- A-Z Animals
Red ruffed lemurs are one of the larger and quadrupedal among the lemur species. This prosimian primate is found in Madagascar.
Size – Body length including tail is 45 inches (113cm). They are sexually dimorphic, females are larger than males.
Weight – They weigh between 7.3 and 7.9lbs (3.3 and 3.6kg).
Pelage – They have black fur on the head, stomach, feet, tail, and the insides of the legs; the ruff area of its body is red rust in color. There is a white patch on the back of the neck; rare white markings may also be seen on the mouth and feet.
They live at elevations up to 3,300 ft (1,006 m) in the deciduous tropical forests of peninsular Madagascar.
The red ruffed lemur is found in the primary forests remaining in the Masoala Peninsula and the area just north of Bay of Antongil in Madagascar.
Age of sexual maturity for red ruffed lemurs is 2 years and they start to conceive at 3. Males are mostly polygamous, although some studies have found monogamous pairs. They mate during the months of May and July.
Infants are born after a gestation period of around 102-106 days during the months of September and October, as the wet season during this period ensures sufficient food availability for the offspring.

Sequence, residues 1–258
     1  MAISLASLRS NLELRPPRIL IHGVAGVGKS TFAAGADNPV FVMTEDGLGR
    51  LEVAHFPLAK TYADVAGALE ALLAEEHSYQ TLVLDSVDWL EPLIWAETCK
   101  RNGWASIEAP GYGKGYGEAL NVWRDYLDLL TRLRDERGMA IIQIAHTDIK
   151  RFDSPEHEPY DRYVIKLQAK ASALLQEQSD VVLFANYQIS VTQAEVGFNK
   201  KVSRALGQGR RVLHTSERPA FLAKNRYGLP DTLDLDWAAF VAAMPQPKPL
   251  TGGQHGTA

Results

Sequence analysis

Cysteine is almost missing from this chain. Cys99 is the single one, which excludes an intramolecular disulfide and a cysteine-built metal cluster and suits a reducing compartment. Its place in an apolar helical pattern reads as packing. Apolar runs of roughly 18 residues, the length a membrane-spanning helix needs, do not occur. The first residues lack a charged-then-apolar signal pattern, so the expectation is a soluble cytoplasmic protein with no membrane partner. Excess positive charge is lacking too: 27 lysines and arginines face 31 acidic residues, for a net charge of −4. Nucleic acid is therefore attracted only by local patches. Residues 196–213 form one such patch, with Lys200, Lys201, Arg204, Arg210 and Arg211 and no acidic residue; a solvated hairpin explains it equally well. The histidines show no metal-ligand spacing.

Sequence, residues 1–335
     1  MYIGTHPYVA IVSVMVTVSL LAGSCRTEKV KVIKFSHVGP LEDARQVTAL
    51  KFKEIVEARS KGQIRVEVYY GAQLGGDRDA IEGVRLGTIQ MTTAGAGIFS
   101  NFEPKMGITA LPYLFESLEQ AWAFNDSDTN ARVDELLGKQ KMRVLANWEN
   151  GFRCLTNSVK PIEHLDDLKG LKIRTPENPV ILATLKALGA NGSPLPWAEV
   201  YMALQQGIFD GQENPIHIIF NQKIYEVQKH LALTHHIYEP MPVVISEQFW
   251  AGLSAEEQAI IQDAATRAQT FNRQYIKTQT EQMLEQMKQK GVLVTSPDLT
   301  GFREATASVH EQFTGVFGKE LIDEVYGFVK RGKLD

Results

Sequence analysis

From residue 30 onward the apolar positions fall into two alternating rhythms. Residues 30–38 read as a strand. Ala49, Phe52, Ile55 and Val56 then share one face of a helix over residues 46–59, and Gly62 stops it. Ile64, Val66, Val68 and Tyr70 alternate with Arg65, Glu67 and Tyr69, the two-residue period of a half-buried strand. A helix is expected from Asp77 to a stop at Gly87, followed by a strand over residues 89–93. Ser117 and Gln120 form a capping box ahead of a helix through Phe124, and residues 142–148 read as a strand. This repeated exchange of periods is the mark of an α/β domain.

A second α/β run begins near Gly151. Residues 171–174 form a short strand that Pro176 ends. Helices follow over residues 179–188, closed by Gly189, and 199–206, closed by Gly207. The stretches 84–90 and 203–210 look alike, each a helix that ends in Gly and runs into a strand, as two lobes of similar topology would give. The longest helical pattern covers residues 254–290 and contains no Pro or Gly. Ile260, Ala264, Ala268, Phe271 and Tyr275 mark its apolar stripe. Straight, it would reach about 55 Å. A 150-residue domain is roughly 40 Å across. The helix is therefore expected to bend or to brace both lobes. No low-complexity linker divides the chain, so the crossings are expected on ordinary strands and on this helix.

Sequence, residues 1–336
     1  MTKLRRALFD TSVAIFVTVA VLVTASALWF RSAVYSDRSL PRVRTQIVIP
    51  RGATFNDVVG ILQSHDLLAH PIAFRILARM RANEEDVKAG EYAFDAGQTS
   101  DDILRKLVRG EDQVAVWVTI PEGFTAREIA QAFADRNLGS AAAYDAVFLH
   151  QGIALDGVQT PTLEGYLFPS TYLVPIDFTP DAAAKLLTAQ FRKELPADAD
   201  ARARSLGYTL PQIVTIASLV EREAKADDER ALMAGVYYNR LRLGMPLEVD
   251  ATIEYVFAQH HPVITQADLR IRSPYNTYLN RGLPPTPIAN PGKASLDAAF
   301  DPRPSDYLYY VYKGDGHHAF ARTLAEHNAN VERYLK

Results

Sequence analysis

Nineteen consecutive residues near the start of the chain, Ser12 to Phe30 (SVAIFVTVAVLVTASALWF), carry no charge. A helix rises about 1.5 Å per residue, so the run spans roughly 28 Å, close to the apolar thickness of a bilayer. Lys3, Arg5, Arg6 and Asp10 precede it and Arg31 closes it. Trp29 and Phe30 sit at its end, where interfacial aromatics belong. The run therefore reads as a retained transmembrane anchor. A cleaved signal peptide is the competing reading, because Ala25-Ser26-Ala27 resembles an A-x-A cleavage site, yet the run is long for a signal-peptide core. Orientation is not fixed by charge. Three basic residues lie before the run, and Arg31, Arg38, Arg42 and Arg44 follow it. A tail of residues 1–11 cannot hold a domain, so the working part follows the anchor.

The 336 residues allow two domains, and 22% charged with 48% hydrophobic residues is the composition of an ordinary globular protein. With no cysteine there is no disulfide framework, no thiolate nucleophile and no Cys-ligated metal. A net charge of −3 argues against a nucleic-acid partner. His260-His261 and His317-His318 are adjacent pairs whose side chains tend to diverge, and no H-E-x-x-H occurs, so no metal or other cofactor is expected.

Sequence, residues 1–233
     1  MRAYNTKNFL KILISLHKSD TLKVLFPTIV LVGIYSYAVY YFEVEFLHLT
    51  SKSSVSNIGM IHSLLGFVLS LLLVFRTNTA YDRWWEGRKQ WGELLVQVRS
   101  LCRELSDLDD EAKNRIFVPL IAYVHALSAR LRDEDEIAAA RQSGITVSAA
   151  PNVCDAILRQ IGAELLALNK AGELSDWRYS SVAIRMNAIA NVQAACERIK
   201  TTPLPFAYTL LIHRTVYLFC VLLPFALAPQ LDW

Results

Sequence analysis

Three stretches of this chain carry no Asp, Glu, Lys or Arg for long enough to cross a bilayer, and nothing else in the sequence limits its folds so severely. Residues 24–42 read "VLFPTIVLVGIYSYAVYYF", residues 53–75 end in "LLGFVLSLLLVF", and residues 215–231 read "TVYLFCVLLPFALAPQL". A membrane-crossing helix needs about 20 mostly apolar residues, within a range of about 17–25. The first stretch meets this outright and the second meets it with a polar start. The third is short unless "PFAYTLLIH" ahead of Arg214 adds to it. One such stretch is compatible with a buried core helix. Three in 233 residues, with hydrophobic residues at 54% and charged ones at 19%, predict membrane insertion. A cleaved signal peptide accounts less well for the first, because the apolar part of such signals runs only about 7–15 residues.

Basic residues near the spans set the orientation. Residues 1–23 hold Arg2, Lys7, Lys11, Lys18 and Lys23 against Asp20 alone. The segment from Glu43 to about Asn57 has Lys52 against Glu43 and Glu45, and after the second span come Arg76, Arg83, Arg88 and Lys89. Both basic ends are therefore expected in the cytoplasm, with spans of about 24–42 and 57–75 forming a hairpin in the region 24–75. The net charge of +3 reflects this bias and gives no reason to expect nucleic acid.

Although the average litter size for the red ruffed lemur is 2-3, there have been instances where 6 offspring have been birthed.
A baby red ruffed lemur is born with eyesight and fur. They are immobile at birth, a condition that urges the mother to build a nest up to 70 feet above the ground. Mothers can nurse up to 6 infants at a time. They are weaned at around 4 months. Given the relatively small gestation period, the ruffs of the newborn are not well developed.
Most newborns do not live out their juvenile months as the mortality rate is rather high at about 65%, owing to the injuries sustained from falling to the forest floor from the tree-tops.
They live for around 15 to 20 years in the wild, and in captivity up to 25 years.
They are one of the most ‘talkative’ of the non-human primates. They use low grunts, cackling roars, gurgling sounds and shrieks to warn each other of impending dangers.
12 different vocalizations have been observed at a lemur sanctuary in North Carolina, each having its distinct meaning to the red ruffed lemur.
Scent marking is also an important and much-used mode of communication between groups.
The diet of red ruffed lemurs consists primarily of fruits. They also eat nectar and pollen. During the dry season, they also ingest leaves and seeds.
The few predators who dine on red ruffed lemurs are boa constrictors, hawks, and fossa.
The IUCN Red List has categorized the red ruffed lemur as ‘Critically Endangered’.
Conservationists have estimated that about 10,000 red ruffed lemurs remain in the wild and about 590 in captivity, putting the total number of individuals at an approximate 10,600.
The reasons behind the decline of the red ruffed lemurs in the wild have been accredited mainly to loss of habitat stemming from logging, mining and cyclones.
The creature is also captured abundantly because of its popularity in the black market as exotic pets.